: Sentenced to a job scheme

Sentenced to a job scheme

Sue Erickson
Northern Territory

The Sentenced to a Job scheme — an initiative of the Country Liberal government — commenced in the Northern Territory last year as part of an overall reform of the prison system. The government is calling on local businesses to employ low-security prisoners and those businesses are eligible for grants to support the scheme. The government encourages local businesses that specialise in food services, laundry, horticulture, mechanical, textiles, upholstery, metal fabrication, number plate production, screen printing, furniture products, construction, maintenance, and packaging and assembly to recruit prisoners while they are serving their sentence. Prisoners who may participate in the scheme are assessed by the Department of Correctional Services and are generally within the last 12 months of their sentence of imprisonment.

Prisoners who perform paid work are paid an award wage, but contribute five per cent of their salaries to support victims of crime, pay rent (in turn, reducing the cost of their incarceration) and pay taxes. The prisoners keep a small amount of money from their salary (around $60 per week), while the rest is held in a trust and released to them on completion of their sentence.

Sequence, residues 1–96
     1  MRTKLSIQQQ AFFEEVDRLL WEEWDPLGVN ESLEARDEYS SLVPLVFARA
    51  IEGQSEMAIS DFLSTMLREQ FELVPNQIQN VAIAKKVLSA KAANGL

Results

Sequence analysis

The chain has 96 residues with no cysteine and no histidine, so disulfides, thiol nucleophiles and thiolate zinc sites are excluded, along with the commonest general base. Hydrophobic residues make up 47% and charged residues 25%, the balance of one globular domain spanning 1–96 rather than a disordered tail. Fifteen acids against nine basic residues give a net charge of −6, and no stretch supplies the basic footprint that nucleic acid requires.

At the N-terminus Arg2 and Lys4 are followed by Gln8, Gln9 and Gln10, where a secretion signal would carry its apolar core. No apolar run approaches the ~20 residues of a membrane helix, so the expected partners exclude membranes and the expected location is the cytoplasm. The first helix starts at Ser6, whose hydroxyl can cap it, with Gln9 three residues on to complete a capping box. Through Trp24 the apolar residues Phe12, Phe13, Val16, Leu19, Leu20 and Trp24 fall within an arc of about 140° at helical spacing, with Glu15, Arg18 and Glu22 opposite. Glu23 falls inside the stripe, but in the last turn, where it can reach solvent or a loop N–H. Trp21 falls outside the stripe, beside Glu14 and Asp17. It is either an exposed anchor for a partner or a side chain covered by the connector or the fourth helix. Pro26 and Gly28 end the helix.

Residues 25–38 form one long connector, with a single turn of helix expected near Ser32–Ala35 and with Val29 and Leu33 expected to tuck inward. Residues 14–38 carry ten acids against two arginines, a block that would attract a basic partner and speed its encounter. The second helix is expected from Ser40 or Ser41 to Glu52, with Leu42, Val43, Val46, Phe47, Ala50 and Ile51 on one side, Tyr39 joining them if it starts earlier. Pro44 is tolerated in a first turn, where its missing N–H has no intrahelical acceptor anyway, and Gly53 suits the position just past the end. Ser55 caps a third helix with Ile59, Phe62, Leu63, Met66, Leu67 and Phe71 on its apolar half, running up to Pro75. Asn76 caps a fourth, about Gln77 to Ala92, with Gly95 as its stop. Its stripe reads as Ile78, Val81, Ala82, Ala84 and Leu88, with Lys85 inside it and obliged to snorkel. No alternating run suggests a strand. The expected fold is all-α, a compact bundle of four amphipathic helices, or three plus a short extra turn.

The Northern Territory has the highest rate of reoffending in Australia, and the Sentenced to a Job scheme is intended to reduce rates of recidivism.

Prisoners have the opportunity to develop skills and qualifications and may gainfully return to the workforce after they have served their sentence or may continue being employed with their employer from the scheme. There is a high rate of unemployment with prisoners and, for some, their first job is through the Sentenced to a Job scheme.

The Australian Agricultural Company has confirmed that they will participate in the scheme and employ prisoners to work in the new Darwin abattoir. However, sociologists have expressed concern that any slaughterhouse work could be psychologically damaging and may set back prisoners’ rehabilitation.

Anecdotal evidence has shown that prisoners appreciate the structure of being employed and see employment as an opportunity to save some money; the employment also assists them in obtaining employment after their release. Stakeholders such as the North Australian Aboriginal Justice Agency (‘NAAJA’) and the Northern Territory Legal Aid Commission support the scheme. NAAJA has suggested that people who commit minor offences (with a sentence of 3-months imprisonment or less) could be sentenced to a job by a magistrate instead of being sentenced to imprisonment as a type of diversion.

SUE ERICKSON is an Assistant Parliamentary Counsel at the Office of the Parliamentary Counsel, Darwin.

(2014) 39(1) AltLJ 140
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